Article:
The three Speaking parts are assessed on fluency, coherence, pronunciation, and grammatical and lexical resources.
Practise With Mock Tests
Now that you are familiar with the format of the test, we are ready to answer your most burning questions about how to prepare for IELTS. Though there are many things you can do to get ready, the best place to start is to check your current level by practising with mock tests, i.e., practice tests that you can take before the actual exam.
Mock tests form an essential part of your IELTS preparation process because
- They reveal your current level of preparation and, more importantly
- They tell you whether you will be able to finish your paper in time
- They allow you to think of strategies to overcome your weak areas
- They help you reduce pre-exam stress and nervousness
Immerse Yourself in the Language
Mock exams, language-learning podcasts, even specific IELTS preparation materials will amount to nothing if you don’t make a real effort to immerse yourself in the English language.
But what does this “immersion” involve?
- Taking advantage of your commute time
Do you ever complain about the time you waste on your way to work? What if you used this time to listen to an audiobook, tune in the news, or listen to English music?
By the end of the month, instead of saying you’ve lost 20 hours on the road, you could tell your friends that you gained 20 hours of English exposure.
- Set your technological devices in English
Do you spend hours scrolling down on your phone? Do you use a computer for work every day? Are you constantly swiping right and left on Tinder? By just changing the language setting on your phone, laptop, or tablet, you can turn your guilty pleasures into language-learning opportunities.
- Rewatch your favourite movies and TV shows in English
When people ask me how to prepare for IELTS, they are always surprised to hear that most of the things they can do are as pleasurable as a free Saturday afternoon.
But, what are the benefits of rewatching old films and TV series?
Shows like Friends or The Simpsons are so important in our culture that we all remember at least two or three jokes from every season. The great thing about rewatching them, besides the fact that they help us connect with other people, is that we know exactly what is going to happen next. This means that we can change the language setting to English and not have to worry about the plot. You can just sit back, relax, and learn how to say your favourite quotes in their original language.
- Find an English-speaking friend
By changing your location to an English-speaking country on your dating apps, you can practise your conversational skills while you get in the mood for romance. So, even if you never make it to the first date, you will at least have got free English practice with a native speaker!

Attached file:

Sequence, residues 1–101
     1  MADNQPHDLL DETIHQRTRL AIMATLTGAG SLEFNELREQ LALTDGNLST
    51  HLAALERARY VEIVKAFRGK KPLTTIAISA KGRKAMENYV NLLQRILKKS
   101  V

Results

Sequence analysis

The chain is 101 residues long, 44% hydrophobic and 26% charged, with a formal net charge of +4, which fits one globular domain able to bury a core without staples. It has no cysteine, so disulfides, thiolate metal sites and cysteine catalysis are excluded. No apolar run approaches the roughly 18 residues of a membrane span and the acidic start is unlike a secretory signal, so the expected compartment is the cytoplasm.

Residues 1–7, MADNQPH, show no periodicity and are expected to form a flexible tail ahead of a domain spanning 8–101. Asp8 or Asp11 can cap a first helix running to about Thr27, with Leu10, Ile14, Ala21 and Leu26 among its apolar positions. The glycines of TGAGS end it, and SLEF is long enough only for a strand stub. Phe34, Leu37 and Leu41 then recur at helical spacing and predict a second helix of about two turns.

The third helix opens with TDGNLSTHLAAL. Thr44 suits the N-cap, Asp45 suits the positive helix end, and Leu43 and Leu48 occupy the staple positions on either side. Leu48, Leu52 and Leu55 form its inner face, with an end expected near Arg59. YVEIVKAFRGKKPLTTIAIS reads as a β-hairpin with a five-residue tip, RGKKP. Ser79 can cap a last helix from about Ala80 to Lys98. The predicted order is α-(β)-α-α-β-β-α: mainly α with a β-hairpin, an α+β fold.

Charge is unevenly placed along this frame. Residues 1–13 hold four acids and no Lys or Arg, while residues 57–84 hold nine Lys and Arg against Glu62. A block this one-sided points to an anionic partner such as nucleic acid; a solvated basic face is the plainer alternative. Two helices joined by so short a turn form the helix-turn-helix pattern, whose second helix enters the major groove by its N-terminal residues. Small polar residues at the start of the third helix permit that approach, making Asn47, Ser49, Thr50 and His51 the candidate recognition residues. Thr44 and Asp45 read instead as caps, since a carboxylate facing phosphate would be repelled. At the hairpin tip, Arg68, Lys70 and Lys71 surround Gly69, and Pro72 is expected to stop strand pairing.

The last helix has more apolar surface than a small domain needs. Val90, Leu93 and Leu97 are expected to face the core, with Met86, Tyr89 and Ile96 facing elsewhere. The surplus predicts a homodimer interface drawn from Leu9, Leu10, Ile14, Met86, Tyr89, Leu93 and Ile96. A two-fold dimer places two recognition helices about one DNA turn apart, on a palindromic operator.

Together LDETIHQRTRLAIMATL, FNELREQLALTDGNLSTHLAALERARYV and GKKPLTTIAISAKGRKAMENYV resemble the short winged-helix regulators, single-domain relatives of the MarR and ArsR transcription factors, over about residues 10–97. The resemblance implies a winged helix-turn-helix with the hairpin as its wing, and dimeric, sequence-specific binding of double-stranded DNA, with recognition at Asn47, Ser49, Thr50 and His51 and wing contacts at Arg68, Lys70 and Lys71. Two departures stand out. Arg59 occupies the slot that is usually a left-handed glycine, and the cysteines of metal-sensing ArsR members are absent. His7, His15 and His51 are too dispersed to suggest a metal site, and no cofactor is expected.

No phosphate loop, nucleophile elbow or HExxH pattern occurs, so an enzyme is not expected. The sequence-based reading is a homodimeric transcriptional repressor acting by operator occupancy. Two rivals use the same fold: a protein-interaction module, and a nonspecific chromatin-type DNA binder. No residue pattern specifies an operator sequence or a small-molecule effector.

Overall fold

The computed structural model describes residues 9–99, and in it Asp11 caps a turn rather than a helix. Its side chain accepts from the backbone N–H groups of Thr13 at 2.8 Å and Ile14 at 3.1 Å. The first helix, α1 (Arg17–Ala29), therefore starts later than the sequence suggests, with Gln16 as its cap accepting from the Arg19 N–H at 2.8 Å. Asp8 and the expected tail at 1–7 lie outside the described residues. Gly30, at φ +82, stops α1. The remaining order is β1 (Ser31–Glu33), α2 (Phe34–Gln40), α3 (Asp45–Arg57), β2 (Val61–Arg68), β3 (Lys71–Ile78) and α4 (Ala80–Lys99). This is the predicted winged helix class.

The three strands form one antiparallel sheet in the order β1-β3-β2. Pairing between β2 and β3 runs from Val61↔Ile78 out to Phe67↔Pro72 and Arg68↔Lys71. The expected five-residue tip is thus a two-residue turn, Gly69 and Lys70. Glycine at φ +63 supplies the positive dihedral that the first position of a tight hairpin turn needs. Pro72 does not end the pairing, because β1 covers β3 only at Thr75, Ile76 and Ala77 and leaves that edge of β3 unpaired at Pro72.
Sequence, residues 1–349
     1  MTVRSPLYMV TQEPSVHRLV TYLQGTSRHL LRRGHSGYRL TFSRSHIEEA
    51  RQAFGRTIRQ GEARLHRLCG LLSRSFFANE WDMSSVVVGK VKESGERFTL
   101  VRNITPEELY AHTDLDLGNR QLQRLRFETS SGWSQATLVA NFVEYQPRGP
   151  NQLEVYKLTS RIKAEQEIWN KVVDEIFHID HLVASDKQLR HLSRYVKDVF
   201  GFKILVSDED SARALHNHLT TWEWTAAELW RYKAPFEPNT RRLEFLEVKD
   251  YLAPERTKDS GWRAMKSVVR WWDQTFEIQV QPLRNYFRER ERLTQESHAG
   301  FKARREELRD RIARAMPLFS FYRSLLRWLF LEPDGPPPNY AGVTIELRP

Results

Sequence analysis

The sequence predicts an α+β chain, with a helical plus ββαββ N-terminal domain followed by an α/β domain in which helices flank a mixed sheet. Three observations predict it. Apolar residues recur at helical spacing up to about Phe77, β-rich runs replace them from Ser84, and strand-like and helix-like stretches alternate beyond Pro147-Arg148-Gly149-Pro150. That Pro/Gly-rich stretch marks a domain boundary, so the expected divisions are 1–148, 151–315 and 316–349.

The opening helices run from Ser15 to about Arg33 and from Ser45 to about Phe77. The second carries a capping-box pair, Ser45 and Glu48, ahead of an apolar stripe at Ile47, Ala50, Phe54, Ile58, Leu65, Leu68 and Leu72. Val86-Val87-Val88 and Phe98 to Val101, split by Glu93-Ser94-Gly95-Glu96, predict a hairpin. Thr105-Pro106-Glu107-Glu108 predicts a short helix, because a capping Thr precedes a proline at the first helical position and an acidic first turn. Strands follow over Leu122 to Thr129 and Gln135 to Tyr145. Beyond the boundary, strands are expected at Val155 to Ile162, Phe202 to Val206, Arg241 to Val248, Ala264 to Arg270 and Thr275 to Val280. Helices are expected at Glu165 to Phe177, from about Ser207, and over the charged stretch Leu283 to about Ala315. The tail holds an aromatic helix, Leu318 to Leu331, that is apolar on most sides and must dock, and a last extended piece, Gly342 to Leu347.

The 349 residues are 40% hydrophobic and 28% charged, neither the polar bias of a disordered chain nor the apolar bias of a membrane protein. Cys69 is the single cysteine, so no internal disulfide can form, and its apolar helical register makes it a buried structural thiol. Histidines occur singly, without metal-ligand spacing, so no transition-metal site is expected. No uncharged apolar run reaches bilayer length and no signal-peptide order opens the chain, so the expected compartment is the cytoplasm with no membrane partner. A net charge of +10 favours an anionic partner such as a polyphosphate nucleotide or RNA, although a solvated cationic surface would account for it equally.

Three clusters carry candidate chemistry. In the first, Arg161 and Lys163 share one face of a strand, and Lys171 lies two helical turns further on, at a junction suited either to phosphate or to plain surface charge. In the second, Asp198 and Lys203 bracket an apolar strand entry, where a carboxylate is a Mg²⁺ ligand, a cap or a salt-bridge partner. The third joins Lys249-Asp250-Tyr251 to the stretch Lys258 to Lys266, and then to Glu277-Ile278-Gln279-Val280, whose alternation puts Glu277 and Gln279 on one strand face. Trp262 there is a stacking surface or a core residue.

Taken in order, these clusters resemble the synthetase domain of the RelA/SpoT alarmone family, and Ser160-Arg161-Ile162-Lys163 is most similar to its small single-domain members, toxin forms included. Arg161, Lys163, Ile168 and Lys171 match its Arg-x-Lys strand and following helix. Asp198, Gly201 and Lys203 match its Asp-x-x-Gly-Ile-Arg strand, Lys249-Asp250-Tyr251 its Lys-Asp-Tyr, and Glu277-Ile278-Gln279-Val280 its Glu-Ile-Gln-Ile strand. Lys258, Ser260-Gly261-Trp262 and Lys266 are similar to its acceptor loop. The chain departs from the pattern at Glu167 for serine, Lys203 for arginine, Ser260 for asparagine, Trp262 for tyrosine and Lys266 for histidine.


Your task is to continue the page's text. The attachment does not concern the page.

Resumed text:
(You didn’t expect an article titled “How to Prepare for IELTS” to include a section about Tinder, did you?)
Get the Help of a Professional
While all the strategies above might be of great help during your IELTS preparation process, we have left the ultimate tip for last.
Do you really want to know how to prepare for IELTS success? Then what you need is a personalised course with a native English teacher.
Here are a few advantages of learning with a native tutor:
- They are the only ones who can teach you the language as it is spoken in their homeland in 2022. Textbooks, on the other hand, often present a dated or stiff version of English.
- They can teach you all about informal expressions such as idioms, abbreviations and slang that will come in very handy for the Speaking test.
- Listening to a native teacher on a weekly basis will help you get used to genuine English pronunciation, thus reducing pre-exam stress. If you are used to listening to your English-speaking tutor, you’re very likely to understand the IELTS examiner’s questions and instructions.
- A native teacher will be able to provide insight on different English varieties so that no English accent will sound completely unfamiliar on the day of the exam.
- At Listen & Learn, we offer both in-person and online courses, which means you can study from home during your lunch break. Even the busiest of you will have no excuses!
Now that we’ve told you everything you can do to get a great band score, it is your turn: how will you prepare for IELTS?
If you agree that the best way to crack the exam is to get intensive practice with a qualified native teacher, contact us now and we’ll pair you up with one of our best English tutors for a completely personalized course. Do you want to know what the best part is? The first lesson is completely free, with no strings attached! What are you waiting for? Send a quick message to us and get started!